Prairie Post (West Edition)

University memorializ­ing residentia­l school victims through planting project


A student-led project that aims to memorializ­e the victims and survivors of residentia­l schools by planting trees across the University of Lethbridge campus launched Oct. 7.

The Roots of Growth project launch ceremony took place in the Markin Hall after rain forced those in attendance to leave the original location of The Grove.

During the ceremony students and project leads Aysha Partington and Cierra Ross spoke to those in attendance about the project.

Partington touched on the history of residentia­l schools and said there were approximat­ely 130 schools across Canada where about 150,000 Indigenous children are believed to have attended, and between 4000 to 6000 of those children never made it back to their families. Those numbers are believed to be a low estimate.

She explained that residentia­l schools attempted to destroy the culture, language, traditions, and identities of Indigenous peoples across Canada.Â

Partington said that after the discovery of unmarked graves found in former residentia­l school sites, First Nations communitie­s across Canada are starting to process and uncover their own.

“The fatality rate of children who died in residentia­l school is higher than that of Canadian soldiers in World War II,” said Partington.

She said the project refers to The Truth and Reconcilia­tion Commission’s calls to action, specifical­ly to #74 which reads “We call upon the federal government to work with the churches and Aboriginal community leaders to inform the families of children who died at residentia­l schools of the child’s burial location, and to respond to families’ wishes for appropriat­e commemorat­ion ceremonies and markers, and reburial in home communitie­s where requested.”

Ross explained that they wanted to plant four trees as a proper burial and to give recognitio­n to the children who went missing and never made it home, for the surviving, and for the ones who never got a chance to tell their story.

“We chose trees because they are a vital connection between human beings and the earth. We want to inspire reconnecti­on to the land. Cultural wounds require cultural medicine,” said Ross.

She explained they chose four trees to represent the sacred number four and the medicine wheel.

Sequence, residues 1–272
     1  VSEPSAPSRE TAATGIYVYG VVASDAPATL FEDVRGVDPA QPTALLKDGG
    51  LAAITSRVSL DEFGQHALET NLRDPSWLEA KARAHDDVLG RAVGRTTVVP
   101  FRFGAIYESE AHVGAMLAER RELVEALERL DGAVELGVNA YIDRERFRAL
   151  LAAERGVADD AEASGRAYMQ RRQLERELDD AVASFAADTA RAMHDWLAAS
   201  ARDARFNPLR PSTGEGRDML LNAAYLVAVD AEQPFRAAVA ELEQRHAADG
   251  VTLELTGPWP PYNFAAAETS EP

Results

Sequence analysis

Ross added that memorial trees symbolize new beginnings for them and those trees give back as a circle of life, in Indigenous culture they are very connected to the earth and for them the earth is everything.

“We wanted full grown trees to represent that history has already happened, but it’s how we move forward from here. The roots of the trees represent these intergener­ational traumas that residentia­l schools created, the children who experience­d horrific acts of violence and were made to feel like they could not talk about their experience or they were not believed, the families ripped apart and expected to continue to live ‘a new normal’, the kids who were forever silenced, this is for them,” said Ross.

She said trees survive all storms and just like a tree we must stand tall and continue to grow, and just like the poppy on Remembranc­e Day, they created pins. The pins showcase a tree with a braid as a trunk and the roots go in a circle around it.

“We want to wear them on this day uniting us together as a community and to help bridge the gap. We want to show our support to those affected because we are the future and this is for future generation­s,” said Ross.

She said this is just the first step, they want to eventually plant trees at every residentia­l school site starting here in southern Alberta.

“I know people have mixed thoughts on the residentia­l school sites, that some people think they should be torn down because there is dark history, but realistica­lly, that is part of all of our history, that is Canadian identity. Those little kids that got taken away from their homes, stripped of their culture they remain there, and it is up to us to give them a proper memorial, to give peace to those involved,” said Ross.

She said we need to save those places as a reminder, so this never happens again.

“That is how we move forward together as a community. We cannot have reconcilia­tion without the truth, and it starts with us starting a conversati­on. It starts with us promoting Indigenous ways of knowing,” said Ross.

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